These different types of substances that transform the soup to goo (guons, if you will), share some fundamental properties that enable them to substitute for each other thus making rules that are learned for one class of guons also apply to the rest of the guons. Actually, this is my whole point here, so really it is "The Grand Gooification Theory" that I am espousing here.
Alright. Now on to something that you can use, maybe. All of the following can be used to thicken pudding:
This class covers a large class of puddings including the pudding you buy at the supermarket that usually contain some kind of "modified food starch." You can also use some kind of powdered starch like corn starch, or you can use other starch-containing ingredients like rice or tapioca.
When cooking a starch-based pudding, the pudding will stay liquid almost up to the boiling point. Just below the boiling point, the pudding will rapidly thicken. If you are making rice pudding or pearl tapioca pudding, the mixture may not thicken immediately because the starch needs time to be cooked out of the grains into the liquid.
When egg cooks, it changes from raw form to hard-boiled form. When thoroughly mixed into a liquid, it will cause the liquid to thicken when cooked. Pudding made using eggs are often called custard. Like a starch pudding, the mixture will thicken just below the boiling point. It is not a good idea to let custard heat up more than this. For some recipes, the custard is so delicate that it is cooked in a double boiler to prevent overheating. In general, custard is done when it is thick enough to coat the back of the spoon. It will thicken more when it is cooled.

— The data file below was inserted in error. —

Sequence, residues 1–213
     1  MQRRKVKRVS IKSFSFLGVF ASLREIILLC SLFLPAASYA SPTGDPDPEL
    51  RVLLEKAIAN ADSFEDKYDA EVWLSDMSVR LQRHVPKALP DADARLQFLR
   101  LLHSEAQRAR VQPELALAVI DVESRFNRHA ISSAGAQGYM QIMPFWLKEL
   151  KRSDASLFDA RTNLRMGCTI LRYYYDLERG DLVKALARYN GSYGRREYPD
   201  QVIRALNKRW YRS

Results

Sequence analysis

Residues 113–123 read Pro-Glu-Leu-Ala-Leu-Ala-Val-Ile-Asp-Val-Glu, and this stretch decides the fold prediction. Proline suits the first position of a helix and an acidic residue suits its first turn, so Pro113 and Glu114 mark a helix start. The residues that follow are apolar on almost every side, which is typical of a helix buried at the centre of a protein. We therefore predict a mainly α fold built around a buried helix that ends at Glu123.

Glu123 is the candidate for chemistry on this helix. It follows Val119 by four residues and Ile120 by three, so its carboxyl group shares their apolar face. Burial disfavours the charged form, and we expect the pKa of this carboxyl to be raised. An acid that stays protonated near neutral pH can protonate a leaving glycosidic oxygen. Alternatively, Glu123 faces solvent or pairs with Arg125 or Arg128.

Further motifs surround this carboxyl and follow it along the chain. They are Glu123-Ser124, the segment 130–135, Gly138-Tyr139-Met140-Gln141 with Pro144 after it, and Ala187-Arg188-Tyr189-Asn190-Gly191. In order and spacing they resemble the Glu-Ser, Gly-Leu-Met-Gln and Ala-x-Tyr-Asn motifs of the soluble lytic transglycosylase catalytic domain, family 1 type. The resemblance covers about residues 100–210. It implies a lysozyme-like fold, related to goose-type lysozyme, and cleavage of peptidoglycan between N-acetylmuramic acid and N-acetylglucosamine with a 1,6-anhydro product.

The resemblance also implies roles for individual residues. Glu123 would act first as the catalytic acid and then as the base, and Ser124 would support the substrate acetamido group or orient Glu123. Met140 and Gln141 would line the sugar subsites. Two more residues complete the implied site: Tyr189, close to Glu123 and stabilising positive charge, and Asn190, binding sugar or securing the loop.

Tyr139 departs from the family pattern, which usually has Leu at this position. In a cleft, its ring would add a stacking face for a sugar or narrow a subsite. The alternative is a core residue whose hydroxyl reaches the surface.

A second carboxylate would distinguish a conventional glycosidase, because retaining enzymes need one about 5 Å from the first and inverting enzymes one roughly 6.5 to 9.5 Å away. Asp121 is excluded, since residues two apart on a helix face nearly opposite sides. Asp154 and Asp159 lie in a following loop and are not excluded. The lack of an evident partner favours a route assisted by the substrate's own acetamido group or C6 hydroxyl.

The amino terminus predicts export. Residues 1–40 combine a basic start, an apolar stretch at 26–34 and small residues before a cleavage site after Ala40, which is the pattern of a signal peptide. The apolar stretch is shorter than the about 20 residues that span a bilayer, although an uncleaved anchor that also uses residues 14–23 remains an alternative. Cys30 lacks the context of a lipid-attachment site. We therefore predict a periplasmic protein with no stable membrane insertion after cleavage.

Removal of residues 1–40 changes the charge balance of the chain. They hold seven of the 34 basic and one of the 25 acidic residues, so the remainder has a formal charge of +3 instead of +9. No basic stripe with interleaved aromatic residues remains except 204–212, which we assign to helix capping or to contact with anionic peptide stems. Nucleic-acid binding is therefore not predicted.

For both starch and eggs, a bit of chemical magic happens right below the boiling point. Starches are made up of these long chains of carbohydrates. When heated, they kind of unfurl and interlock with each other thereby thickening up the liquid. With eggs, the concept is the same except it is long chains of proteins rather than carbohydrates that are doing the interlocking.